Recent work by Malcolm Budd, Aaron Smuts, and others has shown the so-called ‘paradox of tragedy’ (the conjunction of the claims that we willingly submit ourselves to painful art and the hedonic view of motivation) is no such thing. What remains, according to Smuts, is the ‘motivation question’ (‘Why do people want to see painful art?’) and the ‘difference question’ (Why do people subject themselves to things in art that they would not in real life?’). This paper argues that this obscures the deeper role of negative emotions in art: that they are essential for creativity. Drawing on the work on Richard Wollheim, this paper sketches an account of artistic creativity that draws on the work of Melanie Klein and Hannah Segal. Along the way, it has something to say about the role of intention in interpretation, before answering Smuts’ two questions.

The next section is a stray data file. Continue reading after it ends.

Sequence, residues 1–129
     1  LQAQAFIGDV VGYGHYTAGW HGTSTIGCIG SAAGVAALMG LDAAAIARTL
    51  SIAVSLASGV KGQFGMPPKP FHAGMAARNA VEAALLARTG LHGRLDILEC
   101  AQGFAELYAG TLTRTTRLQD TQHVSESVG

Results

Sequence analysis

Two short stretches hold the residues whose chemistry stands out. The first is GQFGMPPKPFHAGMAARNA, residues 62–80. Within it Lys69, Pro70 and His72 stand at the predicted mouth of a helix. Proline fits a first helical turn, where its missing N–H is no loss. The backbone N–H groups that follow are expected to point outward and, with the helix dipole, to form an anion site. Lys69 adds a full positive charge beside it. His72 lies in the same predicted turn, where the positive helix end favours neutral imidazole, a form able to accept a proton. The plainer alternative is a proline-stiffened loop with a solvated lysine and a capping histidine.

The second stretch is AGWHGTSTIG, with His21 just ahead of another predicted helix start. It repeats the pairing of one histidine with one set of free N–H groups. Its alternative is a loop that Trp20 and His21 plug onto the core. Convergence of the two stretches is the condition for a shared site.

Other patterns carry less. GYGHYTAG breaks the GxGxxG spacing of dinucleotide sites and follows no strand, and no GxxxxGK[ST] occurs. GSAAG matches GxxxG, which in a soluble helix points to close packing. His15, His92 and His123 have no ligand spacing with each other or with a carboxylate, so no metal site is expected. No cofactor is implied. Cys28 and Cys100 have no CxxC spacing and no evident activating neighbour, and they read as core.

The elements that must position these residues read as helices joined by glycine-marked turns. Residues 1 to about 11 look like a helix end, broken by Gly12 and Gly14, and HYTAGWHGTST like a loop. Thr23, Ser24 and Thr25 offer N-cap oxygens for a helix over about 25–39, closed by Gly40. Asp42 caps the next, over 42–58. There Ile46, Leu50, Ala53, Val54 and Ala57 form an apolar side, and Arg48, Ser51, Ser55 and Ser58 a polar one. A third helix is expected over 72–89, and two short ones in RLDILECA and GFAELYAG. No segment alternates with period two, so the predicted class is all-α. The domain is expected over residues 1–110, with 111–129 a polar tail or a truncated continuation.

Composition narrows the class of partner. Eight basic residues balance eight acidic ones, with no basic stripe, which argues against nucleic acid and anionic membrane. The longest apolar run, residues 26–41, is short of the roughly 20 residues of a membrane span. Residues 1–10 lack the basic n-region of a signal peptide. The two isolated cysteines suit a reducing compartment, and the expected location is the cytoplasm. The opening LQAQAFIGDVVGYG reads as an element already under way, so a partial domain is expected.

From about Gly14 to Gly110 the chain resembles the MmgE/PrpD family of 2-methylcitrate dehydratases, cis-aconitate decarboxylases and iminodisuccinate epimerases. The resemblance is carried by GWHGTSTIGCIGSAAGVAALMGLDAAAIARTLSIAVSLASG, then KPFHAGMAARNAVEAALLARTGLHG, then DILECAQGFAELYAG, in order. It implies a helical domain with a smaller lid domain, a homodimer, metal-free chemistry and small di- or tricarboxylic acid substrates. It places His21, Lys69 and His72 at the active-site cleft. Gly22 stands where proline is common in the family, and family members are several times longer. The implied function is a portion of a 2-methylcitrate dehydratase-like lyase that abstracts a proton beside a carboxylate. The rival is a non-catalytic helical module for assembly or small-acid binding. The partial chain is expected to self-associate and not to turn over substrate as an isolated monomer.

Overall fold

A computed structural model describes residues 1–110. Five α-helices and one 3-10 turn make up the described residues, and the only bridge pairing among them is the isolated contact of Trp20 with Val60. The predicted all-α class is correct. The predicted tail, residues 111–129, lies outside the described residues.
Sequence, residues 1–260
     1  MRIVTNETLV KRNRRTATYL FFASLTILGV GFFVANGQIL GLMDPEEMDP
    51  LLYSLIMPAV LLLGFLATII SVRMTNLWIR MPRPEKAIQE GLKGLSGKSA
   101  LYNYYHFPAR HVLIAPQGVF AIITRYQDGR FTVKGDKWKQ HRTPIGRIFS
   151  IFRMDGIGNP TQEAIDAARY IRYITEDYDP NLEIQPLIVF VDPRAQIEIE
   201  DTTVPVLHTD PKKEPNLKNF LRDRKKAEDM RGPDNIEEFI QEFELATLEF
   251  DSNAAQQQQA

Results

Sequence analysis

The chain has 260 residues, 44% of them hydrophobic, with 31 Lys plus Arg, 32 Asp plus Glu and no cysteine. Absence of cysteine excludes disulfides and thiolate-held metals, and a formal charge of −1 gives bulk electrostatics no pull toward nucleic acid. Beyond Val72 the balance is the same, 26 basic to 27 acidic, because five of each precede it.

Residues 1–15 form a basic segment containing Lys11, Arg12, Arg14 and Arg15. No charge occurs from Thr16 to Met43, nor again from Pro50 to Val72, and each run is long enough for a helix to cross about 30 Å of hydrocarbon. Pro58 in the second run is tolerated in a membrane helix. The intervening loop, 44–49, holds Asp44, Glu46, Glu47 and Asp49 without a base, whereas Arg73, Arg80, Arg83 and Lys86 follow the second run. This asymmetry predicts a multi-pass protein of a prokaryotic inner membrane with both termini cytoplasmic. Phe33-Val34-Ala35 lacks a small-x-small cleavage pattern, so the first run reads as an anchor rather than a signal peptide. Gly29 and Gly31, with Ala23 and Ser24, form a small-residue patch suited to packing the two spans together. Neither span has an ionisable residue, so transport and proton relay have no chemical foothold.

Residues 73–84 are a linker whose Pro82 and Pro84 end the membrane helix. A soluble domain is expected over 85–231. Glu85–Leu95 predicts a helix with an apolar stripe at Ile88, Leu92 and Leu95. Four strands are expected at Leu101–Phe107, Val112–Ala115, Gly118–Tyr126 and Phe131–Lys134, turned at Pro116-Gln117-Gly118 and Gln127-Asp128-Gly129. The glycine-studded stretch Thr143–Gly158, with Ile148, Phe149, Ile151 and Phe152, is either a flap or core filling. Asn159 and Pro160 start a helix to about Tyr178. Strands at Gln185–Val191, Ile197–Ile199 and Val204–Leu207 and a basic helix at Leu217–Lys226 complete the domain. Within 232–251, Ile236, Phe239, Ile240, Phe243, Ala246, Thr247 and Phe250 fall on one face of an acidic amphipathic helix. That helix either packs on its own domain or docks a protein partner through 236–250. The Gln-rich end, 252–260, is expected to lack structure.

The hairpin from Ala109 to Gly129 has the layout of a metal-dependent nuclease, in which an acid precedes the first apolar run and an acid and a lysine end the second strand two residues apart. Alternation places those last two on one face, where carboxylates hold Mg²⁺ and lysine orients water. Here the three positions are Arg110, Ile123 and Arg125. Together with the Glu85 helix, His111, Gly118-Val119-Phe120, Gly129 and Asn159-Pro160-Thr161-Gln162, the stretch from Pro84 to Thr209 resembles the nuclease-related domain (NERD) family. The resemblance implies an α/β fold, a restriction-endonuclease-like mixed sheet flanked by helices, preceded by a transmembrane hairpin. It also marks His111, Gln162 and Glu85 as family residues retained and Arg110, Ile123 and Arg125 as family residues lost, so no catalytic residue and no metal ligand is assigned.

Philosophy Seminar Series.
Date: Thursday, 26 Apr 2012
Venue: Philosophy Resource Room (AS3 Level 5)
Speaker: Derek Matravers, Professor of Philosophy, The Open University
Moderator: Dr. Ben Blumson
About the Speaker: Derek Matravers is Professor of Philosophy at The Open University and Bye-Fellow and Director of Studies at Emmanuel College, Cambridge. He current interests lie in aesthetics; particularly with fiction and narrative. His introduction to the Philosophy of Art is about to appear with Acumen Press and his book, Fiction and Narrative, will appear with OUP next year. He is the author of Art and Emotion (1998, Clarendon Press), as well as numerous articles in aesthetics, ethics and the philosophy of mind.